Reuters / file
In less than six months since it became available, Amazon’s Kindle Fire has become the leading Android tablet in the U.S., representing a 54.4 percent share of tablets using Google’s operating system.
“Within the Android tablet market, Kindle Fire has almost doubled its share in the past two months from 29.4 percent share in December 2011 to 54.4 percent share in February 2012, already establishing itself as the leading Android tablet by a wide margin,” said research firm comScore in a report Thursday.
“With Amazon’s well-known brand name, marketing muscle and widely used distribution channel, it’s not surprising to see the Kindle Fire take a leadership position in the Android tablet market,” Sarah Radwanick of comScore told msnbc.com. “What is impressive is that it reached this position so quickly after its debut.”
The Kindle Fire came out last November and immediately caught fire with consumers for a variety of reasons, including its $199 price and the already known Kindle e-reader brand. No other Android tablet is holding a candle to Apple’s iPad, which is the leading tablet being sold. Worldwide, the iPad is projected to account for 61.4 percent of tablet sales this year; Android tablets, 31.9 percent, says Gartner Research.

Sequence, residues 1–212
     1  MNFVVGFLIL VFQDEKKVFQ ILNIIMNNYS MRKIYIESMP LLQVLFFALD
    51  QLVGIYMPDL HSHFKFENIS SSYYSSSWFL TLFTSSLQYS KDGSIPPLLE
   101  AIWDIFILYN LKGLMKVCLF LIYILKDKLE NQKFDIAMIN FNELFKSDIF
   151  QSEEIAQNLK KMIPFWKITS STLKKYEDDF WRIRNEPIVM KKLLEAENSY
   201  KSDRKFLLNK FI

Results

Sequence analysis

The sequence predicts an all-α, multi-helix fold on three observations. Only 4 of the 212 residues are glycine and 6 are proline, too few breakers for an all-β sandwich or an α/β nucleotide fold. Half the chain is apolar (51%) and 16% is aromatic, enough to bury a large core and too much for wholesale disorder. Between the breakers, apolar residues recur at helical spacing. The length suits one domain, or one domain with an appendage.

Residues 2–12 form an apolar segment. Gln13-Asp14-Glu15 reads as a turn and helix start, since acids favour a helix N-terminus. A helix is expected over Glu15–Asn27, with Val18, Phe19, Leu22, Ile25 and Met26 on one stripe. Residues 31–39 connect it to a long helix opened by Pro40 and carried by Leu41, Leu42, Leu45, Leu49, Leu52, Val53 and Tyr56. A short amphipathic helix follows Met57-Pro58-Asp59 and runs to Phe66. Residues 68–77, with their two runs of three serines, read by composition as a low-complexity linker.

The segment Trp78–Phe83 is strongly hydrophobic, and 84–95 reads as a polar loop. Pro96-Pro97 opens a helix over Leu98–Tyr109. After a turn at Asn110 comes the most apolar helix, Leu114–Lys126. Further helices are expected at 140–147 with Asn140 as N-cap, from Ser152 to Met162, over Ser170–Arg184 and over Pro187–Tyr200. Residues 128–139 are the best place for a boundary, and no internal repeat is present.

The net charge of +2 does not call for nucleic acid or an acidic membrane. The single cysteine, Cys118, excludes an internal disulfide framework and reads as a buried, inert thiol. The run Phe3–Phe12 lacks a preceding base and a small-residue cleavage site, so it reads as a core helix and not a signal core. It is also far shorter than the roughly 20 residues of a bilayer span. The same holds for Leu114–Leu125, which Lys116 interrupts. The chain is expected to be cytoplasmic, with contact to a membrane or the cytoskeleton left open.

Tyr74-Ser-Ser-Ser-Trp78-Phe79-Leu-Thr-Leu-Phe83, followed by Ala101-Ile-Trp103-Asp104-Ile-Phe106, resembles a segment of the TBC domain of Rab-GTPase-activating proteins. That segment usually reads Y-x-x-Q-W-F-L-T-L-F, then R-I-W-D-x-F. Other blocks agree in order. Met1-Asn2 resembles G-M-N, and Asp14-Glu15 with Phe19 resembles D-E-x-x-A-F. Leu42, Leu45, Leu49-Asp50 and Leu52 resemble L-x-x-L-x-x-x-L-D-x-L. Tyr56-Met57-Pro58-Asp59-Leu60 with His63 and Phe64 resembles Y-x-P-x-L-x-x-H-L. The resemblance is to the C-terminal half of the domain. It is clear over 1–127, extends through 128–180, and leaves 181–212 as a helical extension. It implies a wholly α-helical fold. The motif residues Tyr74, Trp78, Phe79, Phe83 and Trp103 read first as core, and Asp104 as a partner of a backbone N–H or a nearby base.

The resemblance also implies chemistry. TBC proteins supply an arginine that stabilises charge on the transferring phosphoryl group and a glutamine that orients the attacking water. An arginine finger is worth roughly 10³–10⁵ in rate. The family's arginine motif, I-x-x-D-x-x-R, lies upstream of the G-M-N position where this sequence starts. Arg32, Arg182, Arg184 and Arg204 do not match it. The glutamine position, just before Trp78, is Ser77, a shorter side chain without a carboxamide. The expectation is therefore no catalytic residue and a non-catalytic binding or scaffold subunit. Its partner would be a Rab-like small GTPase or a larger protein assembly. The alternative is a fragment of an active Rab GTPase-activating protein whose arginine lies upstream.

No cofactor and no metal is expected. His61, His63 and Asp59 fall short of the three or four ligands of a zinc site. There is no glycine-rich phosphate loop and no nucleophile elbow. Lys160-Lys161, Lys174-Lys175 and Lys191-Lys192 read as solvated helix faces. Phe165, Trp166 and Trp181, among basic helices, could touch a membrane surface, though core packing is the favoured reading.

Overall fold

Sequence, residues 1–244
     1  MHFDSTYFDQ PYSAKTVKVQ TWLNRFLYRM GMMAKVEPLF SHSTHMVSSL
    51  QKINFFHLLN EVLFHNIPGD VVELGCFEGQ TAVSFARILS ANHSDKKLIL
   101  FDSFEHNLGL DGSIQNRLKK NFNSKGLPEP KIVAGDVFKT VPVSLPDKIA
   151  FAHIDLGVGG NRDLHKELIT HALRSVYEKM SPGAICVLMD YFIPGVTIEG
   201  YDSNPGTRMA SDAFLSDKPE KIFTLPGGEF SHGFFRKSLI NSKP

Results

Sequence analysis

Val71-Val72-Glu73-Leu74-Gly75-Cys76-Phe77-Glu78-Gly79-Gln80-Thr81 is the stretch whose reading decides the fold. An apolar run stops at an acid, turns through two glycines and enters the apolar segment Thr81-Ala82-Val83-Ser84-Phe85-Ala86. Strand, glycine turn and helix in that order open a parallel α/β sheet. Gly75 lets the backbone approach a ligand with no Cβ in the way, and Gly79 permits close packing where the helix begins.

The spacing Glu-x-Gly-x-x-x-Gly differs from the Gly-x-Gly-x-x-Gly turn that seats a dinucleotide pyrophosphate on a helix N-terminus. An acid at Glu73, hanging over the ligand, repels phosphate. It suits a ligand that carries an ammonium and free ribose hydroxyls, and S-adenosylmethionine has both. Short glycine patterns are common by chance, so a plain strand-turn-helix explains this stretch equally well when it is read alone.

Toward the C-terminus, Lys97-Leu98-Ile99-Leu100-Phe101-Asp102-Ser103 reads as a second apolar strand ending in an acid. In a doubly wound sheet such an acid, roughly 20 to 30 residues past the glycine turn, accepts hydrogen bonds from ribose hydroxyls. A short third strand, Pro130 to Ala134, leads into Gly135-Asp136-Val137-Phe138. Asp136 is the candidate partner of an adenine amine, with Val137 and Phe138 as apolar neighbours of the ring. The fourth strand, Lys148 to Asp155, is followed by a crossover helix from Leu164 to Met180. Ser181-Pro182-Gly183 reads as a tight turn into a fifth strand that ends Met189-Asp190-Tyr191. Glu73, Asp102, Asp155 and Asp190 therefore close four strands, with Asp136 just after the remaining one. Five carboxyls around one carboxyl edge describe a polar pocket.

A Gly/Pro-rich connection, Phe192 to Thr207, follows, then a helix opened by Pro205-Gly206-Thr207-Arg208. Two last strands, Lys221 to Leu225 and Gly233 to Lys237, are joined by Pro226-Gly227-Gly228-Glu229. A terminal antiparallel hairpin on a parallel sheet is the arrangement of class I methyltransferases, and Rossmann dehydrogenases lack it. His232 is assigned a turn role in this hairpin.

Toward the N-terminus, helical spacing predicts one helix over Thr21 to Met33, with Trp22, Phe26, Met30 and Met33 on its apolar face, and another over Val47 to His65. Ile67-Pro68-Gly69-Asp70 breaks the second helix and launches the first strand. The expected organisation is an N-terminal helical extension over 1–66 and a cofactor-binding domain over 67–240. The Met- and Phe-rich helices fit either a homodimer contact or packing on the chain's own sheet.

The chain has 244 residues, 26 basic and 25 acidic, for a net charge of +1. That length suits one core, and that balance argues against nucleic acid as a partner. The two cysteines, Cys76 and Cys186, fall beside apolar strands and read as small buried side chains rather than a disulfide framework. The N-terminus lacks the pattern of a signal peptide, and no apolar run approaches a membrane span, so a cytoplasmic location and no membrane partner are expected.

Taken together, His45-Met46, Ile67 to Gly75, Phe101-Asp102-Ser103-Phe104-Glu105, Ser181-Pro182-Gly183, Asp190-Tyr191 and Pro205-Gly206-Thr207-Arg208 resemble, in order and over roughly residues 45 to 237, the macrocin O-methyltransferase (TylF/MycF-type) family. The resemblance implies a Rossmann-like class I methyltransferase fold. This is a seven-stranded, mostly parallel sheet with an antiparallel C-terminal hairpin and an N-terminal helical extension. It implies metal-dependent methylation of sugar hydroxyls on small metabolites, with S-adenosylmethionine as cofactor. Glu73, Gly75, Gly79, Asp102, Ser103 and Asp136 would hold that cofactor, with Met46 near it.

Until the Kindle Fire came out, Samsung’s Galaxy Tab was the leading Android tablet; comScore notes how sales of the Galaxy Tab have declined since December, when it had 23.8 percent of Android tablets, and February, when its share dropped to 15.4 percent.
Motorola’s Xoom was in third place, going from 11.8 percent in December to 7 percent in February.
Tablet adoption by consumers “continues to climb as more devices
appealing to various price and feature preferences are introduced to the
market,” comScore said. One of the most important differentiators is screen size, with those tablets with bigger screens, not surprisingly, have more “page view consumption,” the firm said.
“Specifically, 10-inch tablets have a 39 percent
higher consumption rate than 7-inch tablets and a 58 percent higher rate
than 5-inch tablets.” (The Kindle Fire has a 7-inch screen; the iPad, 9.7 inches.)
And size makes a difference for good reasons, comScore said: ”With the emergence of a
growing number of smaller-sized tablet devices, advertisers and
publishers will need to understand whether these devices limit the
opportunity for advertising compared to their larger-screen
counterparts, or if they are able to build incremental reach and
engagement by presenting different use cases.”